[ 69 Pa. Commw. Page 557]
may by order require the interested public utility to refund, in accordance with section 1312 (relating to refunds), to the persons in whose behalf such amounts were paid, such portion of such increased rates as by its decision shall be found not justified, plus interest, . . . The rate in force when the tariff stating such new rate was filed shall continue in force during the period of suspension unless the commission shall grant extraordinary rate relief as prescribed in subsection (e). The commission shall consider the effect of such suspension in finally determining and prescribing the rates to be thereafter charged and collected by such public utility except that the commission shall have no authority to prescribe, determine or fix, at any time, during the pendency of a general rate increase proceeding or prior to a final determination of a general rate increase request, temporary rates as provided in section 1310, which rates may provide retroactive increases through recoupment. As used in this part general rate increase means a tariff filing which affects more than 5% of the customers and amounts to in excess of 3% of the total gross annual intrastate operating revenues of the public utility.
The pertinent facts are undisputed. On July 25, 1980, Bell Telephone filed with the Commission revised tariffs designed to increase its annual operating revenues by approximately $237 million. These revised tariffs were intended by Bell to become effective sixty days after their filing, that is, on September 23, 1980. On September 18, 1980, the Commission ordered an investigation concerning the proposed tariffs and the proposed tariffs were thereafter suspended for the maximum period permitted by Section 1308(d) of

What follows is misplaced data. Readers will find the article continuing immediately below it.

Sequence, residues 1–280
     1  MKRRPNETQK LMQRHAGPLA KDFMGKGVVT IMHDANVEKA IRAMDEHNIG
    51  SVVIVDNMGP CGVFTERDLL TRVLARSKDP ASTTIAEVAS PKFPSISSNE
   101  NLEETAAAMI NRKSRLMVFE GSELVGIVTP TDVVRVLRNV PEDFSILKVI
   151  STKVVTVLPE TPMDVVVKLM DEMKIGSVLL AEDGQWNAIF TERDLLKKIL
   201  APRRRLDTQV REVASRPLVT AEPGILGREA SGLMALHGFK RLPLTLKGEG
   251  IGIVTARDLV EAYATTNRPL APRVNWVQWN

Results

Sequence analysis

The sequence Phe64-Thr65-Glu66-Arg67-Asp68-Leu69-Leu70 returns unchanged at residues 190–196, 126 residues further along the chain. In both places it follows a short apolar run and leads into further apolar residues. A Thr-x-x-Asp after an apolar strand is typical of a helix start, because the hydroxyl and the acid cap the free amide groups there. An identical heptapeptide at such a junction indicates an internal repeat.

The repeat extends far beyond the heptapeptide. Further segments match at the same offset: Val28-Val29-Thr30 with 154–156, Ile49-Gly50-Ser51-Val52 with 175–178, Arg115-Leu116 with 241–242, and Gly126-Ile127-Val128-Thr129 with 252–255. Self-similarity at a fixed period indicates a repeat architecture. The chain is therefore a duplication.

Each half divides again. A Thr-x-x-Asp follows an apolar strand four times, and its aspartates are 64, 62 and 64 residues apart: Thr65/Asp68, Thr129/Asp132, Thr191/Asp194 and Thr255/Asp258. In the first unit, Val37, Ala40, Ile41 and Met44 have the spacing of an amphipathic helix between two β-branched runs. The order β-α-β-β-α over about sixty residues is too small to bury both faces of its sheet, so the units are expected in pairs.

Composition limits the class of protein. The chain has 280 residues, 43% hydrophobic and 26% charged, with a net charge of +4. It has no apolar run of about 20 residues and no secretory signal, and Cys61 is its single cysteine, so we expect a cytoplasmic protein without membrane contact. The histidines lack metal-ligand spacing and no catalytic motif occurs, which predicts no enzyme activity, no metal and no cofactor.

[ 69 Pa. Commw. Page 558]
seven months and sixty days from the date of their filing, (plus an additional day to which Bell acquiesced) until April 24, 1981, on which date the Commission entered an order detailing its response to each of Bell's proposed tariff revisions and denying Bell's proposal as filed, allowing an increase in annual operating revenues of $150 million and ordering Bell to file new tariffs or tariff supplements based on the amount of increase allowed. The April 24, 1981, order further provided as follows:
3. That The Bell Telephone Company of Pennsylvania shall file information on curtailment and expenses associated with implementation of the rates authorized herein, as directed in the body of this Order.
4. That tariffs or tariff supplements may be filed upon less than statutory notice, and pursuant to the provisions of 52 Pa. Code § 3.321(b), the tariffs or supplements may be filed to become effective for service rendered on or after April 24, 1981.